Protecting Your Business from Contractor Fraud – Why You Need a Reliable Lawyer
When thinking about fraud, you’re likely to understand it in the context of insurance fraud, wire fraud, or pyramid schemes. Unfortunately, you’re equally at risk of experiencing fraud with your contractor as well. Contractor fraud typically results from illegal acts by individual firms or contractors.
Businesses who want to rely on independent contractors to handle some errand can avoid fraud, financial losses, or contract breaches by working with a reliable contractor fraud lawyer. Business fraud on the contractor’s part can be comprehensive. This ranges from substandard repairs, exaggerating appliances’ costs, or being deceitful when offering their services.
SMEs and established businesses alike should be wary of contractor fraud for many reasons. For instance, these fraudulent actions and sloppy repair work could significantly raise your bills. What’s more, you may experience extensive property damage or losses that may require more effort and resources to repair or replace.
Common Forms of Contractor Scams and Fraud
When hiring a contractor for any errand in the company, you must sign a legal binding contract specifying every term in the entire arrangement. Standard terms include the scope of work to be completed, the timeframe setting the deadline for the task completion, and the amount you’re supposed to pay.
The most common lawsuits against contractors result from their failure to work within the terms agreed in the contract. This may include missed deadlines or failure to complete the entire work. Here are the key examples of contractor fraud:
- Billing fraud – This refers to intentionally overstating the number of materials, labor, and other necessary resources for project completion.
- Bid/contract rigging – Sometimes, suppliers in the market may conspire to fix the rates for particular services or direct clients to work with specific contractors. This may go hand in hand with kickbacks or bribes.
- Corruption/bribery – This is where two parties collude and enter into a secretive pact offering a financial incentive to a party to secure a preferred outcome. Such instances include purchasing an asset or issuing a private or public contract on ‘favorable terms.’
- Fictitious vendors – Some unscrupulous contractors falsify payment applications to cover up money diverted to phantom companies or to acquire personal items. This activity is mostly under the control of a staff member. However, external entities may also falsify company documentation and contact details.
- Material theft – You must also be wary since dishonest contractors can easily take material from the site for personal use. Also, others are likely to acquire lower-grade material instead of the quoted ones. This would raise your chances of subsequent replacements or repairs.
- False representation – Dishonest contractors may sometimes include undocumented workers, falsify minority content reports, insurance papers, or test results. This fraud also involves non-compliance with environment safety regulations and misrepresentation of the company status.
- Tax avoidance or money laundering – Tax frauds by contractors may involve commonplace acts like paying workers through cash. Others may also try to legitimize illegally earned cash.
Practical Tips On Protecting Yourself from Contractor Fraud
Contractors are crucial for many business operations; hence you must brace yourself with the right knowledge of maneuvering the industry and avoiding contractor fraud. You may not be entirely fraud-proof, but you can still ensure your transactions are as clear-cut as possible.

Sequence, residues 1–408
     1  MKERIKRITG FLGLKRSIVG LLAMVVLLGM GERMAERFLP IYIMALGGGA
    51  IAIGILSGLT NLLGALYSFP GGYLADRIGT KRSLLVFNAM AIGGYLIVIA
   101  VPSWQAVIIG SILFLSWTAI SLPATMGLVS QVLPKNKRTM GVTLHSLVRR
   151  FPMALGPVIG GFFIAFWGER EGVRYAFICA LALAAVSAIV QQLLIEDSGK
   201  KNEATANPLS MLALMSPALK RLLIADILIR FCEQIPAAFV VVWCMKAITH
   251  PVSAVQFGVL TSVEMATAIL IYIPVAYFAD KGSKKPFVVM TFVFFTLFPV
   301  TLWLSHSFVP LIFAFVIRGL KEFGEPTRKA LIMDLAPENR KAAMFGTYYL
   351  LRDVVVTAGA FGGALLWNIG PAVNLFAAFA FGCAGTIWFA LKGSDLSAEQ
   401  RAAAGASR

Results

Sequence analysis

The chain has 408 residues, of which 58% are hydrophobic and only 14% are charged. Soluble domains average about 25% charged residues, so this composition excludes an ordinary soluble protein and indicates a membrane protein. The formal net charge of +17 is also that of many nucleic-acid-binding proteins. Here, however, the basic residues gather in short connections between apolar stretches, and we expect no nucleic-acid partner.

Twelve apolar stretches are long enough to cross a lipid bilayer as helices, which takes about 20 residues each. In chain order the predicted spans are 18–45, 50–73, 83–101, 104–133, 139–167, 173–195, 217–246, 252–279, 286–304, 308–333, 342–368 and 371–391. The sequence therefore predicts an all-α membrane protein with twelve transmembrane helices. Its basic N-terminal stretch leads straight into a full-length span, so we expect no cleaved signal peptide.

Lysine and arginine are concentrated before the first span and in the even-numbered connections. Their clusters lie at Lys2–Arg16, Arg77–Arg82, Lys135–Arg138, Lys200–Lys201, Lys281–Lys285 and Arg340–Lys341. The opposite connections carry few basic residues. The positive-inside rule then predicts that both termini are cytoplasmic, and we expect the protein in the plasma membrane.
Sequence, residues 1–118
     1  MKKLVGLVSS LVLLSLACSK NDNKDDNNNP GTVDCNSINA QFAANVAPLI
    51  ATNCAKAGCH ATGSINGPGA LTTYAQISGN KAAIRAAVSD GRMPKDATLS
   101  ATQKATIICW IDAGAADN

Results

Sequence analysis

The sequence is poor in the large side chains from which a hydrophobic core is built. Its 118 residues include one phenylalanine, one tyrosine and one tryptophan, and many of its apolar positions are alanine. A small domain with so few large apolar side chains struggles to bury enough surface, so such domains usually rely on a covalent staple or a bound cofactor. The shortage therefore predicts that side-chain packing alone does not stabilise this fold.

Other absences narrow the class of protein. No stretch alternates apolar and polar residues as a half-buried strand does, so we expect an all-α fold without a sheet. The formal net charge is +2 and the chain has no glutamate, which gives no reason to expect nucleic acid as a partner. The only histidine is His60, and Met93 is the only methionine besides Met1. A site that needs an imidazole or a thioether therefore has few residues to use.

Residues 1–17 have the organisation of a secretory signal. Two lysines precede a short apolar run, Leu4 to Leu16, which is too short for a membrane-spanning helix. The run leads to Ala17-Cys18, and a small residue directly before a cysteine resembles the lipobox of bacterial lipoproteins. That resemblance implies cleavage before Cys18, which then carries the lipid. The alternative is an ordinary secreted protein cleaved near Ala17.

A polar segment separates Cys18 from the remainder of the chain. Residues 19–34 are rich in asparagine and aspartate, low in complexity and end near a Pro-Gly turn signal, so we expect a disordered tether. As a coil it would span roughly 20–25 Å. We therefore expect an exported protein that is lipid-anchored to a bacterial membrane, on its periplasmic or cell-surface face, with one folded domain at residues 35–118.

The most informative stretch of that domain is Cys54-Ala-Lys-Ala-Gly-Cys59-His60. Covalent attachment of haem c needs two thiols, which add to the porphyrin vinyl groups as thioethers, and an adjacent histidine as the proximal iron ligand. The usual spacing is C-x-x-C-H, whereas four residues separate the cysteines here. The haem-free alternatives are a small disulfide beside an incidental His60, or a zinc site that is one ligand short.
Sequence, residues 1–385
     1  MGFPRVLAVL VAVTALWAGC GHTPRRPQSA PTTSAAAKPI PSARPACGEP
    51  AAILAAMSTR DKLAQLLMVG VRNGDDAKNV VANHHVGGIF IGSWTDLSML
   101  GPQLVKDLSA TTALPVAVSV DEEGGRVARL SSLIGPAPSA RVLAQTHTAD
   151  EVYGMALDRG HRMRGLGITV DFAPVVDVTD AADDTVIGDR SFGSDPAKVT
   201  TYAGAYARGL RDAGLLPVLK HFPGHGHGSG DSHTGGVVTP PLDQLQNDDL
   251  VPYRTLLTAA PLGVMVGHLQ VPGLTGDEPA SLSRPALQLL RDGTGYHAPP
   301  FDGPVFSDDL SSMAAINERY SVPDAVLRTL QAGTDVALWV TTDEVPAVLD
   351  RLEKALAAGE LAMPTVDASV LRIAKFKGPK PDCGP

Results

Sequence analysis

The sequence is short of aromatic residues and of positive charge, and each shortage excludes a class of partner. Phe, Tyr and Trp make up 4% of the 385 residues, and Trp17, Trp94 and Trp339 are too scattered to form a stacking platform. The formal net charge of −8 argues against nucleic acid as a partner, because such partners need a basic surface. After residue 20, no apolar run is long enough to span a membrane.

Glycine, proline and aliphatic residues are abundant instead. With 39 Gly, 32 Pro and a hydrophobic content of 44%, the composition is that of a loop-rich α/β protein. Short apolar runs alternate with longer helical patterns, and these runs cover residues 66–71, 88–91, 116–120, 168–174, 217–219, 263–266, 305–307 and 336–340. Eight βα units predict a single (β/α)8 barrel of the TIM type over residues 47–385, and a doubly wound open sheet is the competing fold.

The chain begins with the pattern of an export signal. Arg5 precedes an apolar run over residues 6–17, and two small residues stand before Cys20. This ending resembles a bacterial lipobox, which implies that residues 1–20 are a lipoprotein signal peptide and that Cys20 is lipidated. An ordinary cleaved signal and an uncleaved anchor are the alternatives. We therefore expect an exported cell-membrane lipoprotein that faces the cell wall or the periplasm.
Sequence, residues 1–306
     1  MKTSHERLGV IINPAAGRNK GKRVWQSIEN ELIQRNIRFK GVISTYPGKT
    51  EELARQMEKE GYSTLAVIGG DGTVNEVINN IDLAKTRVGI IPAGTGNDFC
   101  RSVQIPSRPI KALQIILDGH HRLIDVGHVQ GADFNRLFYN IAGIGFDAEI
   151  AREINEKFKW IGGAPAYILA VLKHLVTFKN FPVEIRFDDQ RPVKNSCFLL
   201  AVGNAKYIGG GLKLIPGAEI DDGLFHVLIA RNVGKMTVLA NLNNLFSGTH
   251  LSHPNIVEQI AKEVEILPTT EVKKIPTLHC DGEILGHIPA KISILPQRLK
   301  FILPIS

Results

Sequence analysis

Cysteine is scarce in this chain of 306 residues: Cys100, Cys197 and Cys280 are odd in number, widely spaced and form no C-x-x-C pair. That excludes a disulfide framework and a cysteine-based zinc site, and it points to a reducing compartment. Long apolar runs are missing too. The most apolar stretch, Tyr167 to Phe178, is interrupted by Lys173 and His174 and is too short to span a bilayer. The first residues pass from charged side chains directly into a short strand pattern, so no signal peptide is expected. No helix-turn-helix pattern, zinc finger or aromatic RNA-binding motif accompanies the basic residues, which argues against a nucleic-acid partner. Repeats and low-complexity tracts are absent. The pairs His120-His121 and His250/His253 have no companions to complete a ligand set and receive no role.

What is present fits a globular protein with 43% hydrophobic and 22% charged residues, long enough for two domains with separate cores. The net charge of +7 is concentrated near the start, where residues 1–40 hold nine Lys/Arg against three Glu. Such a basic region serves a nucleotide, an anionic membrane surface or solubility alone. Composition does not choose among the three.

Below are some practical tips:
Read and Understand the Contract
A contract describes every term of your agreement with your contractor. As such, you must ensure you go through it to understand every aspect of your transaction. Working with a contractor fraud lawyer would make this more comfortable for you.
Look for Four References
It is common to find contractors ready with their three references. These are not enough for an accurate judgment – you need four. The fourth one must have contacted the agency for some work done. If they were satisfied with their delivery, then you have a clue of the quality to expect from them.
Verify Their Licenses
Your conversation with your potential contractor should not end on the phone. You must go ahead to verify if they have the relevant local operating permits and licenses via the secretary of state’s office. Also, ensure you confirm their compliance with local laws with the relevant authorities.
Check Their Coverage
The company you choose to hire must have proper coverage like performance bonds, staff compensation, and surety bonds. Your insurance agent may come in handy as you seek to decipher this coverage.
Consult with Your Insurance Provider
You must consult with your insurer what will happen if the equipment or supplies are stolen from the site. Will they cover such losses, or is it the responsibility of the contractor’s insurance agent? If it will be on the contractor, go ahead to obtain their insurance details, and confirm whether it is currently in effect.
Work with A Contractor Fraud Lawyer
To sue a contractor, you must prove that they committed fraud or failed to meet the contract’s specific terms. Whether there’s a written and signed agreement in place, filing such a lawsuit is no easy process. The varying state laws make it even harder.
Therefore, it would help if you work with a knowledgeable, qualified contractor fraud attorney to guide you through the entire process. An experienced attorney will help you know every legal option available and advise you aptly as you build your case.
All the above tips will help you stay safe from contractor fraud. However, it would be best if you contacted a reliable contract attorney to ensure you are protected.